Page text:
"That pidgeons can navigate great distances is completely true that they are guided by an invisible flying <pixie> is untrue, but impossible to prove as untrue."
Oh Blicky, you are a one!
I think that you are really missing the point here. I apologise if what I have written doesn't make it clear what I have experienced
Modern druids (and heathens I think) do not go around associating supernatural causes for things that can be explained by good observation and science. After all the original druids were one of the ancestors of modern science .
What I have experienced, and I believe Jez and HS also, is genuine one-to-one contact with the spirits of the land and our ancestors, and one or more beings that we can only define as 'gods'.
It is easy for you to get carried away with the christian propaganda that has reduced the fey and other spirits to no more than cartoons. When you have actually conversed with them your perspective changes. From this experience I need no faith.
Now, having probably convinced you that I am completely bonkers, I shall quietly withdraw mumbling and drooling.
for the drooling bits.
I've actually never understood the need for faith myself.
Az: <Did you mean cows and grass and stones?>
Oh yes! 'Life' in the widest possible sense.
"Who cares, wins"
Well, okay then. Not sure about stones though. No, not stones. At least, not so far as I know.
<That pigeons can navigate great distances is completely true that they are guided by an invisible flying <pixie> is untrue, but impossible to prove as untrue.>
Silly me! I forgot to point out the glaringly obvious: if the pixie thing is "impossible to prove as untrue", then what justification do you have for saying that it "is untrue"? Are you not asking your readers to have faith , and accept what you say without proof?
<What for the most part separates science from "religion" is understanding and application.>
Oh? And how is that, then? The examples you gave seemed to me to be suspiciously well within the purview of science, but without the general sphere of applicability of religion.
Religion is tested. Those followers of (any) religion test it as they carry out their lives according to its tenets. Those who find their religion does not help them live in the real world abandon it. [OK, there are always some who carry on out of habit or apathy, but that's true of any perspective.]
<Science isn't about what we think, it is what we can understand. Religion on the other hand is all about what we think.>
Do you want to reconsider that? There are so many aspects to this that are, at the least, arguable, that I wonder if you really meant it as you wrote it?
"Who cares, wins"
|Subject: Some chair titles make more sense than others|
Posted Apr 16, 2004 by Chantel
This is a reply to this Posting.
Balshai spahseebah, moi druug! I feel honoured and double-honoured to be the 'please and the thankyou' chair! But I won't let it go to my head: For, as somebody said "Und, Wen du glaubst du hast das gluck . . ." (Sorry about the lack of umlauts . . . )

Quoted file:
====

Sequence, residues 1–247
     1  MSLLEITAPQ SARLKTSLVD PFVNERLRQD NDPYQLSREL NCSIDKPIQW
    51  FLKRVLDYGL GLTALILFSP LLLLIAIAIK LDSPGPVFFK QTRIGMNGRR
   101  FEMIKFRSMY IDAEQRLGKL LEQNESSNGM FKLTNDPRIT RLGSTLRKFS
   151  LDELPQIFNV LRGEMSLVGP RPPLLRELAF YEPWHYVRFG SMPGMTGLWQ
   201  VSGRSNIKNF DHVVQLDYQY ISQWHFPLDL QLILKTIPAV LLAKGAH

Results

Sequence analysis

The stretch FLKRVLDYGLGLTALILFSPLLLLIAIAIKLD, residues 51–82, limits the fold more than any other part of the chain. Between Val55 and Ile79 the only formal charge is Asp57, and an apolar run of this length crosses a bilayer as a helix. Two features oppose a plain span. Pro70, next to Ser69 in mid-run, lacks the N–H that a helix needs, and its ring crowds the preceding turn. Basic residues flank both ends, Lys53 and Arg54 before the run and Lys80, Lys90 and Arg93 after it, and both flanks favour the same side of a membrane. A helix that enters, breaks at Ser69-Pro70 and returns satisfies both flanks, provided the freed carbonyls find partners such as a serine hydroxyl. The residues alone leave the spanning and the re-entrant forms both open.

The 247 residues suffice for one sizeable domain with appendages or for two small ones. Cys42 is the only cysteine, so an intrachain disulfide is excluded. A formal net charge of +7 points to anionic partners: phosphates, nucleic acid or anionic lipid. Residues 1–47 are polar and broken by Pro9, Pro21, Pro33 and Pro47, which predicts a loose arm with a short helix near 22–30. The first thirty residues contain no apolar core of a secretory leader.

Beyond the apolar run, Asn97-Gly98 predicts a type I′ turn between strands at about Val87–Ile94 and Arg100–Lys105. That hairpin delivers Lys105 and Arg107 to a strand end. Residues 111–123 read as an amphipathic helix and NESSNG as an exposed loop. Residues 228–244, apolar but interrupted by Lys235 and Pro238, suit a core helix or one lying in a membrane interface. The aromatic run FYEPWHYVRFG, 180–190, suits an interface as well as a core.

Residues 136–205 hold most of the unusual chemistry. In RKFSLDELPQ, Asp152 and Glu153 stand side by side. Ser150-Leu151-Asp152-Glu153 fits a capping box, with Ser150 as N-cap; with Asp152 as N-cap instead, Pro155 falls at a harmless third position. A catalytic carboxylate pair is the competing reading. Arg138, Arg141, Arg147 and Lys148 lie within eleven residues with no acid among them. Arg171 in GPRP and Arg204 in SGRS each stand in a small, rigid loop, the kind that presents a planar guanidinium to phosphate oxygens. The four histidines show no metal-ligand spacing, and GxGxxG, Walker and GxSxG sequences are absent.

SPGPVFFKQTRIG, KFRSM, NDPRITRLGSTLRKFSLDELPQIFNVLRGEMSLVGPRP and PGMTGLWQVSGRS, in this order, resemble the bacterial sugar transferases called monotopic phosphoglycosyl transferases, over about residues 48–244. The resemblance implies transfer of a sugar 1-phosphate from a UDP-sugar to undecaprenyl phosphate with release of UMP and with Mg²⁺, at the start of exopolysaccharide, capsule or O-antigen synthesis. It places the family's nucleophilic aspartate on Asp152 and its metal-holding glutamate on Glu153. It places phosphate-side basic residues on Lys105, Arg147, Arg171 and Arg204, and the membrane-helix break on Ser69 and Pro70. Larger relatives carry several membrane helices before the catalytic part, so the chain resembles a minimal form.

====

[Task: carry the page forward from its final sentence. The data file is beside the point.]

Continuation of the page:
-en, nicht p**sen
maybe Im missing your point or maybe we are doing different dances around the same point.
I can accept as I *have* felt myself in tune with something real which I cannot give a name to that there are things science is not sophisticated enough to deal with yet.
Perhaps these are the same things you call wights, they could be different. What I am not prpared to do is submit my relationship with the weather the smells in the air and the shapes of the land to a system of worship. Not because it is too personal but because any codifying to me defeats the object.
I dance because I want to. I would never ask someone to dance the way I do (and I respect that you are not asking me to do things your way). I still dont think your mad, but I dont feel comforatable attributing my feelings, flickers in the corner of my eye, sounds that Im not sure Im "hearing" and sensations to a list of gods and spirits.
|Subject: What is a Christian?|
Posted Apr 16, 2004 by Mal
This is a reply to this Posting.
Perhaps Member's raised a valid point after all.
Faiths (and the one I'm going to pick on is Christianity, but only because I have most experience of that 'un) usually set themselves rules and regulations that are supposed to guide moral behaviour, like the Seven Commandments.
However, these guides must either go with or against human nature (because of a mixture of motives and influences - on the one hand, God's law must be shown as perfect and alien, but on the other, it must be reconcilable to everyday life). Things like the golden rules of do not kill and treat others as you would wish to be treated go with normal human nature, in most situations. However, things like "do not covet" go completely against the ambitious and curious nature of most of us domesticated primates; so why include them? How are the followers of these religions expected to adhere to rules that go fundamentally against themselves?
(On a related thought-train, some types of monastical faith see the guidelines as a challenge, and the body as weak. How is the reconciled with the logical idea that God's laws should be built into his creations?)